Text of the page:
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We now have a right triangle.  Applying the Pythagorean Theorem, <math>2^2+(r-3)^2=(1+r)^2</math>Expanding and solving for <math>r</math>, we find <math>r=\frac{12}{8}=\boxed{\textbf{(B)}\frac{3}{2}}</math>.
Expanding brackets gives us <math>4+9-6r+r^2=1+2r+r^2</math> here we can cancel out <math>r^2</math>
 
Isolating the r's <math>12=8r</math>
 
and then finally we have the answer: <math>r=\frac{12}{8}=\frac{3}{2}</math>
 
  
 
==See Also==
 
==See Also==

Revision as of 14:48, 27 January 2015

Problem

Six spheres of radius $1$ are positioned so that their centers are at the vertices of a regular hexagon of side length $2$. The six spheres are internally tangent to a larger sphere whose center is the center of the hexagon. An eighth sphere is externally tangent to the six smaller spheres and internally tangent to the larger sphere. What is the radius of this eighth sphere?


$\textbf{(A)}\ \sqrt2\qquad\textbf{(B)}\ \frac{3}{2}\qquad\textbf{(C)}\ \frac{5}{3}\qquad\textbf{(D)}\ \sqrt3\qquad\textbf{(E)}\ 2$

Solution 1

Set up an isosceles triangle between the center of the 8th sphere and two opposite ends of the hexagon. Then set up another triangle between the point of tangency of the 7th and 8th spheres, and the points of tangency between the 7th sphere and 2 of the original spheres on opposite sides of the hexagon. Express each side length of the triangles in terms of r (the radius of sphere 8) and h (the height of the first triangle). You can then use Pythagorean Theorem to set up two equations for the two triangles, and find the values of h and r.

$(1+r)^2=2^2+h^2$

$(3\sqrt{2})^2=3^2+(h+r)^2$

$r = \boxed{\textbf{(B) }\frac{3}{2}}$

Solution 2

We have a regular hexagon with side length $2$ and six spheres on each vertex with radius $1$ that are internally tangent, therefore, drawing radii to the tangent points would create this regular hexagon.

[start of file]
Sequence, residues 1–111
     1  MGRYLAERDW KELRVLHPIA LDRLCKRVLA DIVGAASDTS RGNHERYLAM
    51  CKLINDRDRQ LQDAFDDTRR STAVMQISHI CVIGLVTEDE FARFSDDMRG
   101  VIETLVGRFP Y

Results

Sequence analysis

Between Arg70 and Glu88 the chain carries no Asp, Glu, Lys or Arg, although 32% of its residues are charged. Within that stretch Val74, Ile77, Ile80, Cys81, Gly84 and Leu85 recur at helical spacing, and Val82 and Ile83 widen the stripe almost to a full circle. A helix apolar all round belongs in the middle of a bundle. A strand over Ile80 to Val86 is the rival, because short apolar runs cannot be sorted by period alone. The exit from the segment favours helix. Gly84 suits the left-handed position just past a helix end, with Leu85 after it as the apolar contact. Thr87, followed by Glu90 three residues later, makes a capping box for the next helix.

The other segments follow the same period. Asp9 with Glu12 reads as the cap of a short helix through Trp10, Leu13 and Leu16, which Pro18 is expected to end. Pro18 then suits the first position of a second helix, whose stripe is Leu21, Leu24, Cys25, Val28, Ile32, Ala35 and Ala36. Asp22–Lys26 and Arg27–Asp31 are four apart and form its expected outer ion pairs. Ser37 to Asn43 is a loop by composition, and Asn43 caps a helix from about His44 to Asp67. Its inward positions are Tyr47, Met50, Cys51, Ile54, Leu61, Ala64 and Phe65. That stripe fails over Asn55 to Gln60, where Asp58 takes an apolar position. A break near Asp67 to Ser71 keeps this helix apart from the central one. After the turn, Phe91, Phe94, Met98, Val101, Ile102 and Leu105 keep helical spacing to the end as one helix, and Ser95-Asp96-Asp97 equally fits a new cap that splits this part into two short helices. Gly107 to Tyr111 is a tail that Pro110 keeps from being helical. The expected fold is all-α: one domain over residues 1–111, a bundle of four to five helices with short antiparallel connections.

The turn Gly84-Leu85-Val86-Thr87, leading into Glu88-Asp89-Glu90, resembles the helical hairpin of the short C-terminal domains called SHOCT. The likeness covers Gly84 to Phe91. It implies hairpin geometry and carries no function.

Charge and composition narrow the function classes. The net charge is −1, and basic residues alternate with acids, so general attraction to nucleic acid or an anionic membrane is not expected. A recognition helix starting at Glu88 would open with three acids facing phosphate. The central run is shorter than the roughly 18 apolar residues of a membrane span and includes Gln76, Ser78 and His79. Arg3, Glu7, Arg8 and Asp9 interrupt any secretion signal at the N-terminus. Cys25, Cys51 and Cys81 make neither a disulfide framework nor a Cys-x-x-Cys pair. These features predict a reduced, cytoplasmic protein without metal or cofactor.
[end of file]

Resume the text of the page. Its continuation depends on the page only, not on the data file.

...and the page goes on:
Imagine a 2D overhead view. There is a larger sphere which the $6$ spheres are internally tangent to, with center in the center of the hexagon. To find the radius of the larger sphere we must first, either by prior knowledge or by deducing from the angle sum that the hexagon can be split into $6$ equilateral triangles from its vertices, that the radius is two more than the small radius, or $3$.

Now imagine the figure in three dimensions. The 8th sphere must be sitting atop of the $6$ spheres, which is the only possibility for it to be tangent to all the $6$ small spheres externally and the larger sphere internally. The ring of $6$ small spheres is symmetrical and the 8th sphere will be resting atop it with its center aligned with the diameter of the large sphere.

We can now create a right triangle with one leg being the line from a vertex of the hexagon to the center of the hexagon and one leg being the line from the center of the 7th sphere to the center of the 8th sphere. Let the radius of our 8th sphere be $r$. As previously mentioned, the distance from the center of the hexagon to one of its vertices is $2$. The distance between the centers will be $r-3$. The hypotenuse will be $r+1$.

We now have a right triangle. Applying the Pythagorean Theorem, $2^2+(r-3)^2=(1+r)^2$. Expanding and solving for $r$, we find $r=\frac{12}{8}=\boxed{\textbf{(B)}\frac{3}{2}}$.

See Also

2013 AMC 10A (ProblemsAnswer KeyResources)
Preceded by
Problem 21
Followed by
Problem 23
1 2 3 4 5 6 7 8 9 10 11 12 13 14 15 16 17 18 19 20 21 22 23 24 25
All AMC 10 Problems and Solutions
2013 AMC 12A (ProblemsAnswer KeyResources)
Preceded by
Problem 17
Followed by
Problem 19
1 2 3 4 5 6 7 8 9 10 11 12 13 14 15 16 17 18 19 20 21 22 23 24 25
All AMC 12 Problems and Solutions